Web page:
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COVID-19 poses big questions for Whistler retailers

Whistler Chamber hosts webinar on recovery strategies

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Whistler retailers have their work cut out for them in navigating B.C.'s new COVID-19 reality, but they can take lessons from those who opted to stay open throughout the pandemic.

One such local retailer—James Retty at Escape Route—joined a Whistler Chamber webinar on Thursday, May 21 to share some key takeaways.

"We have stayed open all the way through, and honestly, at the very beginning it was quite stressful," Retty said.

"I know that my customers were very happy that I was open, in a very careful fashion. The door was closed, one person at a time, call for appointment. We delivered a lot of stuff, curbside pickup, all of that, and that was appreciated by staff."

Key for Retty was ensuring his staff (75-per-cent of which he initially had to lay off) was comfortable being at work.

"The reality is, if our staff are not comfortable with being at work and our customers are not comfortable coming in the door—if they don't feel welcome and safe—then none of us have a business."

To help reassure customers, Retty has kept an ever-growing list of precautions posted in his store—starting with five and growing to 11.

Some of the other measures he's taken include sanitizer and gloves for customers at the door and a quarantine system for products—but even that process has evolved over the weeks.

"Initially it was zero try-ons of garments, and then it was, as long as it's not an over-the-head item, so if it's shoes or something like that, that was fine," Retty said.

"What we are currently doing is, if someone tries something on, and they don't buy it, it comes into our back room, and we have three separate sections."

The item works its way through the three-section "quarantine" before it is put back on the floor, Retty said.

Also joining the webinar (held over Zoom) were Greg Wilson, director of government relations in B.C. with the Retail Council of Canada, and Chamber CEO Melissa Pace.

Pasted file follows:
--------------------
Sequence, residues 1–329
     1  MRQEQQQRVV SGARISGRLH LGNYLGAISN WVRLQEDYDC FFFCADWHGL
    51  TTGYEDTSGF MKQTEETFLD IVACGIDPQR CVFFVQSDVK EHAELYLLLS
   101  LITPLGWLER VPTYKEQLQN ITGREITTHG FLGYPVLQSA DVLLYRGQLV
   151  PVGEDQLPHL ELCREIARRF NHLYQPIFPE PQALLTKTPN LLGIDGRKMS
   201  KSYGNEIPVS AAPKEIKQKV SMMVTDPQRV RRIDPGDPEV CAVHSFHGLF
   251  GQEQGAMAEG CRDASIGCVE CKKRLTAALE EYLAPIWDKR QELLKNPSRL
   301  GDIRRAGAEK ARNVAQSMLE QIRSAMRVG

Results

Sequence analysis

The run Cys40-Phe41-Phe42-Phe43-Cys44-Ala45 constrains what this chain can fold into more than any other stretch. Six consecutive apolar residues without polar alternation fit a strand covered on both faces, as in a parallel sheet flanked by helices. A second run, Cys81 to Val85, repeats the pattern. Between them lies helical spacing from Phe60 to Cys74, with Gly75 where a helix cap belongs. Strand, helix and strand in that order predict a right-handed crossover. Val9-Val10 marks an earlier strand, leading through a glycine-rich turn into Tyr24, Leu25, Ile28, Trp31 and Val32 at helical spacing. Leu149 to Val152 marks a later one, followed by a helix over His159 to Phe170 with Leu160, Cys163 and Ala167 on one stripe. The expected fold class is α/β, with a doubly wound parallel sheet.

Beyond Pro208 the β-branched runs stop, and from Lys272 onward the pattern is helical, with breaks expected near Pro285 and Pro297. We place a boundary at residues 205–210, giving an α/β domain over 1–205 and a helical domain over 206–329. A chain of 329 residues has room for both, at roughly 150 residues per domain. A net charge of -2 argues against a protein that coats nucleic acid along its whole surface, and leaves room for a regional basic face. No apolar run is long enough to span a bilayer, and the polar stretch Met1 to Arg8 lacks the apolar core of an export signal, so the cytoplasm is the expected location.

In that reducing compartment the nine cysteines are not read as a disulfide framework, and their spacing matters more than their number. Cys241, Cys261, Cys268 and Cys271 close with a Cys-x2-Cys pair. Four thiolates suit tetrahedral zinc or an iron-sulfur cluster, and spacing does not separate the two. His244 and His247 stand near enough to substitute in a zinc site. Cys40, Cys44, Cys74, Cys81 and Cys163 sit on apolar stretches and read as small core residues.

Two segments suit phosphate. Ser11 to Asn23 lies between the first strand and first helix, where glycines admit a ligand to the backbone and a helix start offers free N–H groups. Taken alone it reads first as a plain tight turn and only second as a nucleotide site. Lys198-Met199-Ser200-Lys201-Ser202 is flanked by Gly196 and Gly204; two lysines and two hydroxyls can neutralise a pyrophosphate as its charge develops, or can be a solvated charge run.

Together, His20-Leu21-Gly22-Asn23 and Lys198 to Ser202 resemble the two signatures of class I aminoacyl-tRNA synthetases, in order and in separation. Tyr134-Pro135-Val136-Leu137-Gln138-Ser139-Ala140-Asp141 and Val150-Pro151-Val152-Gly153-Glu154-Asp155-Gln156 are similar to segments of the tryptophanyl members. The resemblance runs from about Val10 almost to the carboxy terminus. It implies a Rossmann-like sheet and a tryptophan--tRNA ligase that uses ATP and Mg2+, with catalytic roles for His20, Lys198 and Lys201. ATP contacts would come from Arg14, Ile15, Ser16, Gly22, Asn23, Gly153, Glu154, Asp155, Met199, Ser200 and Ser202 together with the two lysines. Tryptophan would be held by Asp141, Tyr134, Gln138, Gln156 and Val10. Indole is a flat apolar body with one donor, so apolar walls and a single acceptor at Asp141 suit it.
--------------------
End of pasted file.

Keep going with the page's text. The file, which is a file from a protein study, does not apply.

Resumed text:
The science is still out on the virus' lifespan as it pertains to different types of clothing, Wilson said.

"So we're going to have to wait and see what the science says on how long the virus can live," he said. "And it's very important with apparel to remember that [no] two fabrics are alike, and accordingly, it may live a different period of time on 100 per-cent cotton than on some mixed fabrics."

Retailers like Retty who have stayed open "are truly our heroes," Wilson said.

"It helped us in a way that's kind of intangible, that people don't understand ... some of the best practices we're seeing rolled out now are a result of those people who stayed open," he said.

Retailers can find COVID-19 resources (including a six-part recovery playbook covering everything from customer and employee safety to operations and finances) at retailcouncil.org, he added.

By law, businesses must have a written workplace COVID-19 safety plan in place before reopening.

"Essentially they have to create a written plan, and you have to be able to furnish that written plan to a WorkSafe inspector should they come and visit your store," Wilson said.

A safety plan template, along with other COVID-19 resources for retailers, can be found at worksafebc.com.

There are still "a lot of unknowns" around the reopening of many businesses, Pace said, adding that the Chamber will be sharing relevant resources with members as well.

"It sounds to me like it might be quite vague, in terms of how to manage the clothing options, at this point, and more information is to come," she said.

"So the better safety precautions that you take now will benefit in the long run."

Watch the full webinar here: https://www.youtube.com/watch?v=I_enuGVlYJE&t=477s